Roseburg Republican candidate for governor Paul Romero presents contract with Oregon | Elections
Republican candidate for governor of Roseburg, Paul Romero, has made campaign promises he calls his “contract with Oregon.”
Romero said he was inspired by former US House Speaker Newt Gingrich’s contract with America.
“It kind of forced Congress, and the people that was there and had notes and everything, to straighten out and fly right because with this contract with America, he got a group elected. of people, ”Romero said.
“So he got over there and he followed through, and I thought you know, Oregon needs this, because we’ve had a lot of politicians, we haven’t had real statesmen. “he said in an interview on Thursday.
Navy veteran and CEO of Youwalk Today, Inc., Romero unsuccessfully ran in 2020 for the Republican nomination for the United States Senate. He lost the primary to Jo Rae Perkins, who in turn lost to outgoing Democrat Jeff Merkley in November.
This time he turned his attention to the public service.
In his new contract, Romero has a checklist of about two dozen things he wants to accomplish as governor.
On that to-do list is a full audit of the Oregon budget for waste, fraud, and abuse.
He also wants to work to make Oregon a tax free state on income and property.
When asked how he would replace tax money, he falls back on eliminating the waste, fraud and abuse that he says are now included in government spending.
“The goal would be to determine how much money we have and turn off the taps coming out of the general fund,” he said.
He also wants to audit all lawmakers to see if they receive any inducements or bribes for their votes.
Another item on Romero’s list is to ban the State Department of Social Services from removing children from their homes without proof of a crime and a warrant.
“I understand that there are kids in bad situations that need to be rescued. Sometimes there are bad parents and everything. But it seems to me that they’ve really extended their authority a little bit beyond that.” , he said.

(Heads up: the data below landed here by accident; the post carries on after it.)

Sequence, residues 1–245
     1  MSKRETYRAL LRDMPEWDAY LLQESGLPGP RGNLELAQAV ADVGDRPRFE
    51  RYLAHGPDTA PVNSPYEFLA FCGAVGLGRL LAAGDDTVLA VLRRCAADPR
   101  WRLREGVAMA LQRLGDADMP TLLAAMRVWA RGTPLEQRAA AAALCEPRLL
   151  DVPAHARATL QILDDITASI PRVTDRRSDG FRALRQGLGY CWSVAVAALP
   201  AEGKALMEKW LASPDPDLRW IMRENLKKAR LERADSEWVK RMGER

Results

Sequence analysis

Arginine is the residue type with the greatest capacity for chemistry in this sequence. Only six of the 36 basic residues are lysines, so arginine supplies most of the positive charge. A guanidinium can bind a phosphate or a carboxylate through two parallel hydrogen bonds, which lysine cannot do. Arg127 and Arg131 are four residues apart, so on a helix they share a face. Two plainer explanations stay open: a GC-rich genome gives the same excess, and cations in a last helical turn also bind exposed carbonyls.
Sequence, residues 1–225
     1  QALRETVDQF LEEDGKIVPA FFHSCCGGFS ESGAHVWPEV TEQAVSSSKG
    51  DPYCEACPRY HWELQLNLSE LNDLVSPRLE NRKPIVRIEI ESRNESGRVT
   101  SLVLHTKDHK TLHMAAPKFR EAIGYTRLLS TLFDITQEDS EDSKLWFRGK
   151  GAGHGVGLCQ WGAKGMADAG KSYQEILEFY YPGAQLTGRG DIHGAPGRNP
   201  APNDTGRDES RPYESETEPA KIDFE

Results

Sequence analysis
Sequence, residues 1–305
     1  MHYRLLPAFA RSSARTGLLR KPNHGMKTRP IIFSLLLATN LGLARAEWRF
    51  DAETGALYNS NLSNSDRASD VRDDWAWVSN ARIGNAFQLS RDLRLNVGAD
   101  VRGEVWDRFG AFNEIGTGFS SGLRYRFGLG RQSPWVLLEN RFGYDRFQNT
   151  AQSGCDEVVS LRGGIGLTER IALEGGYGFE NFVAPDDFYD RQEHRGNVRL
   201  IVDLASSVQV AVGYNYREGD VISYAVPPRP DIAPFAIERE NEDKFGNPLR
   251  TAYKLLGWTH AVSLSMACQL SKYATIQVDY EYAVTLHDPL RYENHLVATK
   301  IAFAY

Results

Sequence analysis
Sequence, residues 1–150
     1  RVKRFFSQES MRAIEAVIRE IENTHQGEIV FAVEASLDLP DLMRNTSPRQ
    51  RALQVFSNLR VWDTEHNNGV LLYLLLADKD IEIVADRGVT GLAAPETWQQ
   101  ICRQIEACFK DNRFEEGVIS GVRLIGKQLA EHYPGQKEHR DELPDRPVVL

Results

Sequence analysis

He hopes to reduce the problem of homelessness through vocational training, tiny houses and other aids. But he said those who refuse to step up and seize these opportunities will be treated according to the law.
“We cannot allow homeless people to just take up space on public spaces, streets, sidewalks, parks, etc. It’s not fair to allow this to happen, ”he said.
Among the laws he said he would lobby the legislature are serious penalties for crimes involving rioting.
He also hopes for legislation to sanction municipalities that denounce the police by denying them funding and prosecute officials who take action to denounce the police.
Other legislation he wants to promote would end social assistance for underage mothers, impose child support, and create tax incentives for adoption.
The full list can be found at romerofororegon.com. Romero said the list is a work in progress and he always takes suggestions.
Despite the more dramatic elements included on the roster, Romero doesn’t think it’s controversial.
Romero believes Oregon’s election results – including his own in the 2020 Senate race – were altered by the Dominion’s voting systems. He alleges that many vote counting systems in the state run on Dominion machines.
“I’m sure more information will be released on this, especially with Dominion at the heart and overall control of our voting systems here in Oregon,” he said.
Dominion conspiracy theories have caught fire among some supporters of former President Donald Trump since he lost the 2020 election.
Romero believes that items on his list that might be controversial among more liberal voters actually have majority support, and that also ties in with his theories on Dominion.
For example, he doesn’t think Oregonians actually voted for the drug legalization measure on the ballot in 2020.
Romero said the state was in the hands of socialist leaders.
“They have literally suffocated the life of the state of Oregon, and what I ask people very simply is to tell me this, over the past 20 years, is your life better in the Oregon?”
The answer, he says, is invariably “no”.